The Daily Tar Heel

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Tuesday January 19th


Company deftly presents 'Doubt'

“Doubt can be a bond as powerful as certainty.”

Father Brendan Flynn opened with a sermon to the audience of Saturday night’s showing of Company Carolina’s “Doubt: A Parable.”

The UNC student theater group presented this rendition of John Patrick Shanley’s Tony-Award winning play this weekend in the Historic Playmakers Theatre.

Set in a Bronx Catholic School in the year 1964, the play does not address religion but rather concerns uncertainty. The plot depicts Sister Aloysius’ quest for the truth with regards to the improper relations she suspects Father Brendan Flynn is having with one of his students.

Yet religion does enter the equation when mounting suspicion and distrust lead the innocent Sister James to question what it means to be part of the Church. The boy in question being the school’s first African-American student, issues of race and belonging in the transitional epoch after the assassination of President Kennedy are added to the mix.

Directed by Andrew Jones, Company Carolina’s production is a shining illustration of what student shows can achieve with a limited budget. A mostly handmade show, as Jones himself called it, it nonetheless boasts first-rate production values.

Though Historic Playmakers Theatre is an unquestionably beautiful space — its wooden beams and church-like feel conducive to the production of such a play — its unusual set-up was nonetheless skilfully utilized by the set designer, Ben Elling.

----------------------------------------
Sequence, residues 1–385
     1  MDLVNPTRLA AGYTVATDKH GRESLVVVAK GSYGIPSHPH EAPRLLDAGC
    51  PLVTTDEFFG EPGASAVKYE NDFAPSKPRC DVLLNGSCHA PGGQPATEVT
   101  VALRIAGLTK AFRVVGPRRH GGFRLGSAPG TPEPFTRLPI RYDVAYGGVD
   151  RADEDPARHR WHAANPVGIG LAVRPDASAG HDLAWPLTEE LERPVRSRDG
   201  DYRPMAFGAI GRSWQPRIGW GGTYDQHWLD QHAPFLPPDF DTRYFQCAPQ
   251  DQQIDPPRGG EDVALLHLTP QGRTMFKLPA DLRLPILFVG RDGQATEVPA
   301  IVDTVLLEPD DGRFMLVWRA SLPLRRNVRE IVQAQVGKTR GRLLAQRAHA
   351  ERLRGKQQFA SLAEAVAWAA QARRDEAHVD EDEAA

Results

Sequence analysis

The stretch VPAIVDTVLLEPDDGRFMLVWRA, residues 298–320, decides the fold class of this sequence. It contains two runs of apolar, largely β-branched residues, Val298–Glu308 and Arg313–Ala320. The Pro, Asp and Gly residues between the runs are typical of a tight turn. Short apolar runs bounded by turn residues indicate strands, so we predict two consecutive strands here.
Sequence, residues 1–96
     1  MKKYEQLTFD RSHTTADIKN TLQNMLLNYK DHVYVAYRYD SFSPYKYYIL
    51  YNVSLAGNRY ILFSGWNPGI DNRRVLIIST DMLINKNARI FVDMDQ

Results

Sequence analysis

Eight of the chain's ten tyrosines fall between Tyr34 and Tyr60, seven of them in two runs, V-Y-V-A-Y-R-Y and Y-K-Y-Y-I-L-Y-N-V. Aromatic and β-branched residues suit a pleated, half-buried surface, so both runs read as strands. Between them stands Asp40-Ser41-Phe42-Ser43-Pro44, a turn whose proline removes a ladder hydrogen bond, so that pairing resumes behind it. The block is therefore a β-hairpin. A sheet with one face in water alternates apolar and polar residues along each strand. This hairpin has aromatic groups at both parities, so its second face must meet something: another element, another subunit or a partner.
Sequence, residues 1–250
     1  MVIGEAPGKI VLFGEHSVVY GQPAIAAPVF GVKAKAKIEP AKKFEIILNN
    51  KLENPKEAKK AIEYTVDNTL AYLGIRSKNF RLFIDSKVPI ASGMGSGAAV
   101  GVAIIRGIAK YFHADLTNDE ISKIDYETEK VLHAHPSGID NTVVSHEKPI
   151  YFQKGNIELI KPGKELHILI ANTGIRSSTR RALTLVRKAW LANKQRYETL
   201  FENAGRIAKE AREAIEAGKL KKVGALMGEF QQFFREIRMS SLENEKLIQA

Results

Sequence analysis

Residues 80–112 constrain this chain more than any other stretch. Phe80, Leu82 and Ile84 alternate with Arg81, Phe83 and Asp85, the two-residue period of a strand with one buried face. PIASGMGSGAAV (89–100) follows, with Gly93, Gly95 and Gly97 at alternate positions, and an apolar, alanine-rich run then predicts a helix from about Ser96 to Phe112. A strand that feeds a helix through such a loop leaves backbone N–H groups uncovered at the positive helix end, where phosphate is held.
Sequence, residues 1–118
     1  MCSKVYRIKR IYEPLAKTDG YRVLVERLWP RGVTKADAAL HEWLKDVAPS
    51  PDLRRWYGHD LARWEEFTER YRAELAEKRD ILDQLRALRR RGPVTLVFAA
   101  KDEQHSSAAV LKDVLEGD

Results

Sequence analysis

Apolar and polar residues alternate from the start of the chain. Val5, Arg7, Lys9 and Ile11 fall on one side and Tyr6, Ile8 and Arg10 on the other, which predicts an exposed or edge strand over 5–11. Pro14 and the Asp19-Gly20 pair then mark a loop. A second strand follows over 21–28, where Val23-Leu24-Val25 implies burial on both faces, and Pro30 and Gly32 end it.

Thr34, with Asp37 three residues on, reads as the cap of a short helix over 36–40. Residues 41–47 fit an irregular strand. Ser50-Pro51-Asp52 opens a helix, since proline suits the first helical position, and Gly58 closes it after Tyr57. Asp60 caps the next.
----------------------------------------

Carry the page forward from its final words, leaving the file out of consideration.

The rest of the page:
The team managed to use the narrow stage to their advantage. A barely adorned half-built brick wall — revealing the custom-made stain glass hung on the backdrop — as well as a desk and chairs, were the set of Sister Aloysius’s austere office, while a bench and branch in the left corner were used for outdoor scenes.

Creaking floorboards and the lack of performance space, although noticeable, did not take away from the show. On the contrary, the cramped set fit perfectly with the uncomfortable atmosphere of the narrative, and the intimacy of the theatre itself was a significant component of the overall experience of the show. Its narrow disposition led to the audience becoming involved in the plot, and to them accompanying the characters in their search for the truth.

A realistic organ score made up the sound-scape, leading a couple audience members to turn around in search of the elusive church instrument.

Erik Peterson as Flynn, the young charismatic and reformist priest, particularly won over the audience with his side-splitting rendition of an old Scottish pastor.

Madison McKenzie Scott, though sometimes tripping on her lines — after all who can blame her, as she probably had the most substantial amount of text in the play — was the perfect blend of righteousness and dry humor.

And Khloe Michelle Valissari, though appearing briefly, held her own in her able portrayal of the pragmatic but loving Mrs Muller.

Nevertheless the Palme D’Or in this production goes to Leila Kaji, who beautifully interpreted the naïve and kind Sister James, adding emotion to comedy — with the skillful tremor of her voice — yet never once falling into a caricature of the character.

Although the spectators, faced with an ambiguous ending, are left to come to individual conclusions, it was unanimously that they stood up in praise of Company Carolina’s rendition of “Doubt.”

Staff writer Anissa Putois attended the Saturday, Oct. 27, showing of “Doubt.” She gives the performance 4.5 stars out of 5.

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